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   Table of Contents - Current issue
Coverpage
October-December 2020
Volume 9 | Issue 4
Page Nos. 169-219

Online since Monday, January 11, 2021

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REVIEW ARTICLES  

Review of COVID-19 treatment p. 169
Somayeh Sadeghi, Mahnaz Momenzadeh, Peiman Nasri, Mina Nickpour
DOI:10.4103/jrpp.JRPP_20_72  
Many contagious diseases, such as plague or cholera, played a role in changing the pathway of history. In this respect, although coronavirus was not as dangerous as novel diseases such as swine flu and Ebola, the spread and the power of coronavirus infiltration caused public fear across the world. Three viruses among coronaviruses have been epidemic during the recent years, including severe acute respiratory syndrome (SARS), Middle East respiratory syndrome (MERS), and COVID-19 or new coronavirus. Respiratory droplets transmit the coronavirus through direct and indirect contact, and it can be transmitted through the contact in the case of remaining, the infected person's secretion on the surface. Based on the conducted studies on the treatment of COVID-19 disease, there is virtually no cure or vaccine for coronavirus infections yet. Those infected with Covid 19 are quarantined to prevent the outbreak of this disease. However, the researchers carried out different studies to investigate the impact of the various drugs on this virus, which in this study, we will examine the outline of this disease and the other conducted studies.
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Pharmacological and nonpharmacological studies on coronavirus disease 2019: A mini-review of the recent evidence p. 175
Amir Hossein Alizadeh Bahmani, Mehdi Hoorang, Sheida Hosseini, Mehrnoosh Eskandari, Kiana Shayestehfard, Mahyar Shekoohi, Nazafarin Hatami-Mazinani, Saba Afifi, Ali Mohammad Sabzghabaee, Payam Peymani
DOI:10.4103/jrpp.JRPP_20_71  
Coronavirus 19 (COVID-19) is an extremely transmittable microbial infection that has emerged in Wuhan (China) in late 2019, leading to severe acute respiratory syndrome coronavirus 2 syndrome, and caused a pandemic all over the globe. This study is a systematic review of all 927 clinical trial studies performed worldwide from the beginning of the COVID-19 mysterious pandemic in China. These researches have registered in different databases. According to the best of our knowledge, China (74.82%), the United States (4.49%), and France (2.72%) have the most significant number of clinical trials, respectively. Clinical trials can be randomized or nonrandomized. Due to our results, 32.58% of studies were randomized, and 7.12% were not randomized. Most of the studies were open-labeled studies (22.44%), and double-blinded (4.42%) and quadruple blinded (2.48%) studies stand in second and third place regarding the number of trials, respectively. The direction and quantity of clinical trials attempted to identify a possible cure for COVID-19 demonstrates the depth of this crisis. As we are writing this article, a significant international endeavor will find a cure or vaccine for containing this devastating and mysterious disease.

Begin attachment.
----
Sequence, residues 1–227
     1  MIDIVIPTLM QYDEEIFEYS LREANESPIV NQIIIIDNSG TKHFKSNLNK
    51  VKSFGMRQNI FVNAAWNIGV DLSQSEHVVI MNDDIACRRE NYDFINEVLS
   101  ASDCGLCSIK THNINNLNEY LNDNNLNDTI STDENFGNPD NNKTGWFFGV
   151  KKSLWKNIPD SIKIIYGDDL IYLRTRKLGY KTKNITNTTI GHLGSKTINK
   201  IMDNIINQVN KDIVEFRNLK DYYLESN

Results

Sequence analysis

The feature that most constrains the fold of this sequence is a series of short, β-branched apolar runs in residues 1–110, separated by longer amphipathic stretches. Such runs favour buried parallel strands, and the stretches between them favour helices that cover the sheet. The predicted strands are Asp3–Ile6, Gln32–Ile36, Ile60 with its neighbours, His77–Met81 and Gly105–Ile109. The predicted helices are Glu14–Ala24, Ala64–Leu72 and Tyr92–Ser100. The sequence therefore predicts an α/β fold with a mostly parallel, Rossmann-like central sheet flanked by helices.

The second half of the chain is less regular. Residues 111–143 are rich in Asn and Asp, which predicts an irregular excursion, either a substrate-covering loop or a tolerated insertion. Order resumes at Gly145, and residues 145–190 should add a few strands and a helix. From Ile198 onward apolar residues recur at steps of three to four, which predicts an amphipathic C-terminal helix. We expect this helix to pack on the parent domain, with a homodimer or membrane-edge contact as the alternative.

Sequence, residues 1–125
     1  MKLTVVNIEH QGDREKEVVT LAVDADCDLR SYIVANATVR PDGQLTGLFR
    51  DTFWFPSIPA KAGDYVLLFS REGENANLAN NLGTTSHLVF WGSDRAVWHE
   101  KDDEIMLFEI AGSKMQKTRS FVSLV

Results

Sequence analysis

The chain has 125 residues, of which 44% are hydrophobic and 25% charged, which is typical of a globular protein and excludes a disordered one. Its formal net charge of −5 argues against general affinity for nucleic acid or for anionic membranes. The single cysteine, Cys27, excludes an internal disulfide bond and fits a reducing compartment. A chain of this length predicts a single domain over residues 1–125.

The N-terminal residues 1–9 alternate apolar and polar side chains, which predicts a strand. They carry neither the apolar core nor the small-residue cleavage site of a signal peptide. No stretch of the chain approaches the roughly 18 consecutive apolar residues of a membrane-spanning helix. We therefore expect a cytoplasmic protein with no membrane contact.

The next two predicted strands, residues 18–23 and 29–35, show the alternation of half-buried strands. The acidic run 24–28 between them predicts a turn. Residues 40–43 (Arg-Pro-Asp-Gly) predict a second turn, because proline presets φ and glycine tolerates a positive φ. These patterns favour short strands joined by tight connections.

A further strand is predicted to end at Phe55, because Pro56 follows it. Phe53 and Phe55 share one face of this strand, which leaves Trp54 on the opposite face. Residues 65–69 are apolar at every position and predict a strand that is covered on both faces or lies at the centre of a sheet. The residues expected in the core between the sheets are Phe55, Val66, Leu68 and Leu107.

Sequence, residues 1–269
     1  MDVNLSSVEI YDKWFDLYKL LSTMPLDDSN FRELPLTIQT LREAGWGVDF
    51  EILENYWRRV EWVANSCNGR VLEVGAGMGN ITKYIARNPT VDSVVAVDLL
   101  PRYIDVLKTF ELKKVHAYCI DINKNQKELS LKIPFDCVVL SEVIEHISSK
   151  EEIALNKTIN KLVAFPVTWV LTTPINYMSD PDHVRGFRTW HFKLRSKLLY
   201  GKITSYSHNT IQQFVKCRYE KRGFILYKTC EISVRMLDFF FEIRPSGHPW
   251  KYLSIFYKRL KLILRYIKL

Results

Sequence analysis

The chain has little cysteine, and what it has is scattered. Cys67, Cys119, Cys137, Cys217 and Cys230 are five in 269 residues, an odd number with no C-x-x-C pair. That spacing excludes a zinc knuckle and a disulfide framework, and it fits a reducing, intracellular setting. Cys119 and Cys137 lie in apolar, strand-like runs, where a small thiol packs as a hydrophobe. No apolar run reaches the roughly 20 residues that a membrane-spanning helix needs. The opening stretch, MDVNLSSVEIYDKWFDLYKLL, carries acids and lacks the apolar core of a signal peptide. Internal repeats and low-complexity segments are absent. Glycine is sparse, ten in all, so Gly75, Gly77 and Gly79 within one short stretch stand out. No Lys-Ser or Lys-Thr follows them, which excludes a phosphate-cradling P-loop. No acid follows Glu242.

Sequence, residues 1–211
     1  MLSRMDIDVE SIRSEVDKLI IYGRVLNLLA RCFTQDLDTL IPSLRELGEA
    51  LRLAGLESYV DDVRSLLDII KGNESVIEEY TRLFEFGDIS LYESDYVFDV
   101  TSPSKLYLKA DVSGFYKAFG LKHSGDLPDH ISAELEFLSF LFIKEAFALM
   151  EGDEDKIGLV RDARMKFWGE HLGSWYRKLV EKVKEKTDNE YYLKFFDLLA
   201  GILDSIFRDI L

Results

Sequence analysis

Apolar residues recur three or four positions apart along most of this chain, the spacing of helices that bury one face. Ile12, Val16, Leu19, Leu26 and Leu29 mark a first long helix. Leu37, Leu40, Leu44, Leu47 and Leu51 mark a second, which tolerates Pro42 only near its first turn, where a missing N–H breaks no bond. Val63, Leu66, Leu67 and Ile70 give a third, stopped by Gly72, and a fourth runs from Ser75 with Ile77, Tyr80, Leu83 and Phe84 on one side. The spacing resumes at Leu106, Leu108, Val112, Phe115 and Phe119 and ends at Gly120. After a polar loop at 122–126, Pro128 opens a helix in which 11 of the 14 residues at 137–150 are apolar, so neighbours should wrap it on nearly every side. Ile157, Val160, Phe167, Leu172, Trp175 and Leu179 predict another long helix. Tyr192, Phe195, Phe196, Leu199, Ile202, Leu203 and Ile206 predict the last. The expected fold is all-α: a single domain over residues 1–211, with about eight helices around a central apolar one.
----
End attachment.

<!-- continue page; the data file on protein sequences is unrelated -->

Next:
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ORIGINAL ARTICLES Top

Medicines availability among hypertensive patients in primary health care facilities in a rural province in South Africa: Findings and implications p. 181
Enos M Rampamba, Johanna C Meyer, Elvera Helberg, Brian Godman
DOI:10.4103/jrpp.JRPP_20_49